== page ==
Gorogoa should give more wisdom to this topic.
Gorogoa relies heavily on visual cues to make players understand the idea behind any upcoming puzzle by foreshadowing them, this way Gorogoa provides players with “Eureka” moments to solve puzzles.
Take this puzzle for example, there are four frames provided and on the frame 2 where we can see cog with four photos in them that contains four different places to explore in them, but the character seems to be standing on a damaged balcony and on frame 2 we can see a picture with similar patterns on them, this is one of the “Eureka” moments.
Now, the players know where they are supposed to go, but there is a problem, the photo in frame 2 is flipped upside down, so the photo has to be straight inorder for the character to walk from frame 1 to 2.
Although this might sound a bit outlandish, the core concept of Gorogoa is finding synergies between frames and the world that exists within them.
The solution is simple(not so at first). The game already throws a lot of hints beforehand and in this case, the bell seems to be the common theme. Following the bell will lead players to the bottom frame on the left where a book has a bell on it, which again is a cue for another “Eureka’’ moment. And for the last piece of the puzzle we see a bell itself on the table that has a scenery engraved on it, zooming in on it takes players to place where a person is walking on what feels like shrine and taking a pause to ring the bell we can observe that it is a continuation to the frame on the left.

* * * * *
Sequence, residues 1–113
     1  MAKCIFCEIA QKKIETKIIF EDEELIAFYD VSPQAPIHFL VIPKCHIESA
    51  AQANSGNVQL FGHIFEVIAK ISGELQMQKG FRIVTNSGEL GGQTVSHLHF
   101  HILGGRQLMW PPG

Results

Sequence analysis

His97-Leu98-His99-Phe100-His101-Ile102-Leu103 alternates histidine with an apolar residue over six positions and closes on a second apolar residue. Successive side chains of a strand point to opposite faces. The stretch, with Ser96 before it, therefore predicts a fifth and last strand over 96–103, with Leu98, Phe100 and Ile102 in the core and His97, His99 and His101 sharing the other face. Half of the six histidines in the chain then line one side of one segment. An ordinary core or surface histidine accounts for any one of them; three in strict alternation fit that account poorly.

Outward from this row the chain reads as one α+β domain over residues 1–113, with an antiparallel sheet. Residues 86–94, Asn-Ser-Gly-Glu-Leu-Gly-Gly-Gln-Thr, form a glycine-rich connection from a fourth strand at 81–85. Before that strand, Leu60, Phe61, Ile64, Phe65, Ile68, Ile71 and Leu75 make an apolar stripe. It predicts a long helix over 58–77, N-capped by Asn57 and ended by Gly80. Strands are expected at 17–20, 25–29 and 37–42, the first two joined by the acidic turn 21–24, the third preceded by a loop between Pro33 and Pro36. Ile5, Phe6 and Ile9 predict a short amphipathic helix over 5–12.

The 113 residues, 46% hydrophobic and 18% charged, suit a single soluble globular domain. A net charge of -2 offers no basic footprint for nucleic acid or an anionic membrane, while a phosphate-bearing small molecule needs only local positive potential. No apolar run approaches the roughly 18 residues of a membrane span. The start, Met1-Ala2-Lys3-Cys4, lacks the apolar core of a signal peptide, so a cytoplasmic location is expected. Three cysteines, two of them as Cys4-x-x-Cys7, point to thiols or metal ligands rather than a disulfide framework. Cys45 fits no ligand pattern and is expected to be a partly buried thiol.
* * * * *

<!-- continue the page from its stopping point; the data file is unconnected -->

There is an image on the 3rd frame on the left bottom with sun and the wall, interacting with it zooms in on the book which is the continuation of the man with bell on the bottom right frame.
Moving the second frame top right will merge with the walls and this happens(Check GIF).
This brings us to the guy standing on the damaged platform, now that we found a way to get this person across, this is what happens as shown in the image below.
Gorogoa used visual cues and foreshadowing for the most part to plant the “Aha” moments in the player’s mind, but in some cases, players need to explore around to get to the “Aha” moment.
Bad Example: Haiku Game
Allied Spies is a Hidden Object puzzle game by Haiku Games that quite did not give any “Aha” moments with their puzzles, there were few, but that’s a result of random tries to solve a puzzle.